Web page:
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About the scientific community
There are several problems which have to be discussed, and will be discussed if this forum will be used, which would be appropriate in this subforum.  

First, there are the objections of the worst sort of anti-relativistic "alternative" scientists, who think that the scientific community is ruled by some evil relativist conspiracy. Some relativists may want to defend modern science, and the appropriate place for such battles is this here.  

On the other side, there will be relativists who defend the scientific mainstream, and explain how scientific peer-review works.  So, they will explain the anti-relativists why their ideas, theories or proposals will not be published - because they do not meet even elementary requirements for scientific papers.  They have to explain them what a scientific theory is, that it needs some mathematical apparatus, that it has to be able to derive some predictions about experiments, and so on.  Of course, one can expect that for many, if not most anti-relativists this education is not really helpful, because they will be, anyway, unable to write a publishable scientific paper.  One should not forget, last but not least, that a graduate student succeeds to publish a paper, this is considered a very big success, and undergraduate students have essentially no chance - so that there is no reason to think that laymen have a chance.  Nonetheless, to explain how peer review works, and the criteria used there, is important, and here is the place to explain such things.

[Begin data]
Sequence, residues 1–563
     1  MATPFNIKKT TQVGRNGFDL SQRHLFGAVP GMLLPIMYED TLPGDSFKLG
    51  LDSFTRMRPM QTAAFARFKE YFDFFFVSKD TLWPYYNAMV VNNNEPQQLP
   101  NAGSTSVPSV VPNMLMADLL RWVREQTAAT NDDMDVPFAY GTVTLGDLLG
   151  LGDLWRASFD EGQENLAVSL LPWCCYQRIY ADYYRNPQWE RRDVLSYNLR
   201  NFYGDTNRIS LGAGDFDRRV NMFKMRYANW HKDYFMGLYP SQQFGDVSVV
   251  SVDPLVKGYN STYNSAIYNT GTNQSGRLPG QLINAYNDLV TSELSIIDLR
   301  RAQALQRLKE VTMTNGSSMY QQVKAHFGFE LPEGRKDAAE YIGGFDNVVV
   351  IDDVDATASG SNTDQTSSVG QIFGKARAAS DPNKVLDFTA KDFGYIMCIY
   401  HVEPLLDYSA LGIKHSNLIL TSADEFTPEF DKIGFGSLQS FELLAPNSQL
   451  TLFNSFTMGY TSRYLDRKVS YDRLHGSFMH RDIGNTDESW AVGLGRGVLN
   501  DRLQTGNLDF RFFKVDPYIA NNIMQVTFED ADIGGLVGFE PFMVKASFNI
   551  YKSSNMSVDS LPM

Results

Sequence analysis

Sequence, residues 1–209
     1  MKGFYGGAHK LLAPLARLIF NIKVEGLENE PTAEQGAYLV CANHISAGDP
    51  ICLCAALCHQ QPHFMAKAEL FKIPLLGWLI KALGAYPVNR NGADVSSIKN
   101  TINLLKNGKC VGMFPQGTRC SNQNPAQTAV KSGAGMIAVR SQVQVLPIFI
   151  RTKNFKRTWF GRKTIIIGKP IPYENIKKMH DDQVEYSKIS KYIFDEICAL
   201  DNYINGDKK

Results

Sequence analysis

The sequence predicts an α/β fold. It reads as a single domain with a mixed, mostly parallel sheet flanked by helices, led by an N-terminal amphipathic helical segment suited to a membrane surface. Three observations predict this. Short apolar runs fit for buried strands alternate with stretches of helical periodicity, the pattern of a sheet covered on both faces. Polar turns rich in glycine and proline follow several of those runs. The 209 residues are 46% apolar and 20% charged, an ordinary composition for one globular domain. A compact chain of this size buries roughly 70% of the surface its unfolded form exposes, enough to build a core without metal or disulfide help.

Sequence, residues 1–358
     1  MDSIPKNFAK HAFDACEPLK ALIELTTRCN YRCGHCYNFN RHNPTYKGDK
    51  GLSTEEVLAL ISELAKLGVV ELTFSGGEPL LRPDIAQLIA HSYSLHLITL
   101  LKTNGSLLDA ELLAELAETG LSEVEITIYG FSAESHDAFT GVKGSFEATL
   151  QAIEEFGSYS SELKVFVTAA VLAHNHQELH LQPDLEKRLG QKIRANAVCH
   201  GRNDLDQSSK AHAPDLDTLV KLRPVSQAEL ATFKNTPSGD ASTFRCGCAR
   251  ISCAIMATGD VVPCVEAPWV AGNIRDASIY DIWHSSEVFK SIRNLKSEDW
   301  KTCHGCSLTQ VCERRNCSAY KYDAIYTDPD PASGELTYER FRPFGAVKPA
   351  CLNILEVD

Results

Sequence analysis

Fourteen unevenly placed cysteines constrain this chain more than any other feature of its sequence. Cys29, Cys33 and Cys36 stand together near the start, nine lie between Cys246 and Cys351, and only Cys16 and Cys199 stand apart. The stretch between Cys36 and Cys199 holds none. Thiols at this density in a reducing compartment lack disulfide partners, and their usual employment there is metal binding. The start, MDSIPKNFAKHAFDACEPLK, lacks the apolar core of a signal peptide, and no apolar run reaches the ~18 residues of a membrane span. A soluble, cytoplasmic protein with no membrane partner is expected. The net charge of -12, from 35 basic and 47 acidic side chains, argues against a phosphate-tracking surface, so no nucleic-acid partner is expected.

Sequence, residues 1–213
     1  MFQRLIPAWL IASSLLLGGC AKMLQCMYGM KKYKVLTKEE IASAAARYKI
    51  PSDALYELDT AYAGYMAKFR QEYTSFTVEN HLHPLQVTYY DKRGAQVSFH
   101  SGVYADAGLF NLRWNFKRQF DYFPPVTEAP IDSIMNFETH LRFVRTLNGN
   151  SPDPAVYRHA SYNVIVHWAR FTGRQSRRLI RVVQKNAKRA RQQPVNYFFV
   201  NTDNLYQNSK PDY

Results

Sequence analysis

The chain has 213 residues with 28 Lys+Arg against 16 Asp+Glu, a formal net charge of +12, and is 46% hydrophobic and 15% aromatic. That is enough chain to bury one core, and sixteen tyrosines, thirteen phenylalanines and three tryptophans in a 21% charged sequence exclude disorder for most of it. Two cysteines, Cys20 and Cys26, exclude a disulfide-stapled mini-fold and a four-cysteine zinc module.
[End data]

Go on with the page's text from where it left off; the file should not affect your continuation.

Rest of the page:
There may be, of course, complaints about peer-review being prejudiced against particular hidden variable theories.  I would have to say that such claims have some base in reality - from my own experience.  But, however prejudiced, my experience also shows that it is not completely impossible to publish an ether theory. Whatever one thinks about such prejudice of peer-review, here is the place to discuss this. 

But there are also other imaginable objections about the actual organization of modern science.  My main objection is that, if society wants independence of science, it has to give scientists some sort of job security.  The actual organization of science is the opposite of job security - it is an extremal form of job insecurity.  Young scientist usually get only grants, which are short time jobs, from one to three years.  After this, they have to look for a new job.  Because in many states giving them another short time job at the same place is impossible - this is sold by politicians as "protection against firing" or so - to fire them becomes obligatory, so that they have to look for a job elsewhere, usually in another country, and again only for a short time. This extremal job insecurity gives the consequences which have to be expected - young scientists are extremely dependent of following the actual fads of the scientific mainstream.  

The appropriate place to discuss such general questions about the organization of science would be here too.

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